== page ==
“You may worry that enforcing standards of behavior will create a company of robots--a company in which human differences are discouraged in favor of mindless conformity,” he writes in Results That Last. “That is not true! An office unified by agreed-upon standards is a far more pleasant place to work. Plus, individual responsibility flourishes because it’s clear what everyone’s responsibilities are. That contributes to an environment of fairness, cleanliness, and good manners--and happy customers who keep coming back for more.”
When creating new standards be sure to:
• Seek input from all employees in creating the documents.
• Align desired behaviors with corporate goods.
• Be crystal clear and very specific on your wording.
For further information, visit www.studergroup.com.
Kids, Kats, and Six Sigma
Parents wanting to educate their children in the wisdom of the Six Sigma path will soon have a teaching aid in the form of Six Sigma for Kids, an animated series of short lessons projected to be launched in mid-July by the Lucky Kat Television Network.
The series is being created by Delfino Media Group in collaboration with Six Sigma authority Mikel Harry and will use a cartoon version of Maneki Neko--the lucky cat of Japanese folklore--to deliver child-sized doses of Harry’s Six Sigma formulations to the tykes.
“The Six Sigma lessons will be broken down into episodes from 30 seconds to two minutes long,” says Don Ashley, founder and CEO of Delfino Media Group. Each episode will provide an example of a Six Sigma principle that can be understood and implemented into the everyday lives of the show’s target audience of 5- to 12-year-old children.
Harry’s goal with the program, as stated in an interview with the cartoon cat that is viewable on the Lucky Kat TV web site, is to “take Six Sigma from the board room to the family kitchen table,” and to help kids learn to “think about the ordinary in an extraordinary way.”
In a letter from Harry to “Burt and Jane” that is also posted on the web site, Harry says, “Owing to the phenomenal feedback we have received thus far (from encounter groups and conference presentations), I am most confident this is developing into a very inspiring and educational venture, especially from a profitability point of view. Certainly, feedback from the corporate world has been exceptionally positive, even more so when compared to the first release of classical Six Sigma (more than 20 years ago).”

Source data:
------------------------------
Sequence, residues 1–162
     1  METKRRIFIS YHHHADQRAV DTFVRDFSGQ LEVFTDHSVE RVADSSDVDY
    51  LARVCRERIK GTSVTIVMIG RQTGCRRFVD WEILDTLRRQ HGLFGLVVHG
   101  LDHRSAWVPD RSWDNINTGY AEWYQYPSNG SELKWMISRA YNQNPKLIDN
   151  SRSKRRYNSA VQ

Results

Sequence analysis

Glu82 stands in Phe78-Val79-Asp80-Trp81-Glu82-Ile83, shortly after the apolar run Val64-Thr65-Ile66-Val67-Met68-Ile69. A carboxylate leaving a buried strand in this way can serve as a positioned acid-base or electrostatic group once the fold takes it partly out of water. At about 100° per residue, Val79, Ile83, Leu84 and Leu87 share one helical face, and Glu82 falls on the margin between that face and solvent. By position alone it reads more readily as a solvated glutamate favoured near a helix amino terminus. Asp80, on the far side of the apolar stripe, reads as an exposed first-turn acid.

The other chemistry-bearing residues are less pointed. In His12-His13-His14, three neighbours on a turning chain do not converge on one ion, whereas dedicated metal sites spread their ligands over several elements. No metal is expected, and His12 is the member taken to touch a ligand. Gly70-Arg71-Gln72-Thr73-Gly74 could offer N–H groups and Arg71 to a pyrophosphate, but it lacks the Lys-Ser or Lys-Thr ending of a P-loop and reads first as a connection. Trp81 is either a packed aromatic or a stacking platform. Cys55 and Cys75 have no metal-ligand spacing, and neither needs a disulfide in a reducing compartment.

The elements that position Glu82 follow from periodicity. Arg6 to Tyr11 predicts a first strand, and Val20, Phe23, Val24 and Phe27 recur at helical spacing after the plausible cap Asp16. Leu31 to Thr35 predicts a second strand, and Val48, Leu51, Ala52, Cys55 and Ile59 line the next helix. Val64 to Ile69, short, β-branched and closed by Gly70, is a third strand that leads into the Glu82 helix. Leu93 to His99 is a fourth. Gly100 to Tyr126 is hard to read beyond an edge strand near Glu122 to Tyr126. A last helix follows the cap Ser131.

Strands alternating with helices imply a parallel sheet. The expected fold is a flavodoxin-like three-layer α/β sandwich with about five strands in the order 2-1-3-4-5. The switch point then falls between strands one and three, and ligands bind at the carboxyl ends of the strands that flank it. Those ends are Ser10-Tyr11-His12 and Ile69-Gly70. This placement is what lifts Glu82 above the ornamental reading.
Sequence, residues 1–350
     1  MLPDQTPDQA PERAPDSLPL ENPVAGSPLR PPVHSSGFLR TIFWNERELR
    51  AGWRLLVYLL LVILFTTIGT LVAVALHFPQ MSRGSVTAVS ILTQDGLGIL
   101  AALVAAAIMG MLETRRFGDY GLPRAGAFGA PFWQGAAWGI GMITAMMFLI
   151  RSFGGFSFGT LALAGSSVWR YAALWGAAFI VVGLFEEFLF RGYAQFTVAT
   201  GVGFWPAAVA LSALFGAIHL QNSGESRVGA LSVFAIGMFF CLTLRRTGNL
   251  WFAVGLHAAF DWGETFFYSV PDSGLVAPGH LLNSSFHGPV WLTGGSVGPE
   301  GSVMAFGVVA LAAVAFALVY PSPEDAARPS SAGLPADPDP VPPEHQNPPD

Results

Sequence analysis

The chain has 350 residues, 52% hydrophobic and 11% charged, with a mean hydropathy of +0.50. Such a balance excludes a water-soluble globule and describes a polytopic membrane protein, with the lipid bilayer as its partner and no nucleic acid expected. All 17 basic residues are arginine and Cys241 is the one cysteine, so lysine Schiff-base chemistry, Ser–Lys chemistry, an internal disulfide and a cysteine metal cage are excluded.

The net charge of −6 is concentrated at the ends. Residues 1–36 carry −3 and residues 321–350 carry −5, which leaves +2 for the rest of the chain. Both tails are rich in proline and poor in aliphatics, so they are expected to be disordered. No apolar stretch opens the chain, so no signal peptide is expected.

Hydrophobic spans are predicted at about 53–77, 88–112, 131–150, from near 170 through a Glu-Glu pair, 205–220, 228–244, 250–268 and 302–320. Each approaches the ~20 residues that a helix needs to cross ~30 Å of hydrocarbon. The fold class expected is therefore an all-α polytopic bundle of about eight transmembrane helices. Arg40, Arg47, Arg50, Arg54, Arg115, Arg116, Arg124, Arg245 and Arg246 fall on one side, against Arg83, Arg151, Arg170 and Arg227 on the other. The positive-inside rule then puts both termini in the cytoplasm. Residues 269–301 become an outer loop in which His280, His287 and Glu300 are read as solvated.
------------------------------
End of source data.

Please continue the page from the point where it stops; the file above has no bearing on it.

To check it out, visit www.luckykattv.com.
Editorial by Carey Wilson
Standards That Make a Difference
The American National Standards Institute (ANSI) would like to know which officially recognized standards are making a difference in “today’s ever-changing global marketplace.” To that end, and in commemoration of ANSI’s 90th anniversary, the institute, headquartered in Washington, D.C., is reinstituting a popular survey that originally ran in 2002.
As all quality professionals know, standards play a major role in the global economy, and those that are globally relevant have a tremendous effect on the lives of millions of people around the world.
With that in mind, ANSI invites interested parties to select a standard or family of standards and enter the relevant details in this year’s survey. The deadline for submission is Friday, September 19, 2008.
Entries may be standards developed by ANSI, the International Organization for Standardization, or the International Electrotechnical Commission, or from any other domestic, regional, or international body--including consortia. Each entry must refer to a standard that is already published and in use in the marketplace; standards that are still works in progress will be excluded from this survey.
All eligible entries will be entered into a random drawing for one of three $100 American Express gift cards. The drawing will be held at the conclusion of the ANSI Annual Business Meeting during World Standards Week, Oct. 20-23, 2008, in Bethesda, Maryland. Entries will be published on the ANSI web site and displayed during World Standards Week.
Multiple entries will be accepted, but each must be submitted separately. ANSI reserves the right to reject any entry that does not reference a currently valid standard. Submissions are published at ANSI’s discretion and are subject to editing for space and clarity. ANSI employees and family members are invited to submit entries but are not eligible to win the prizes.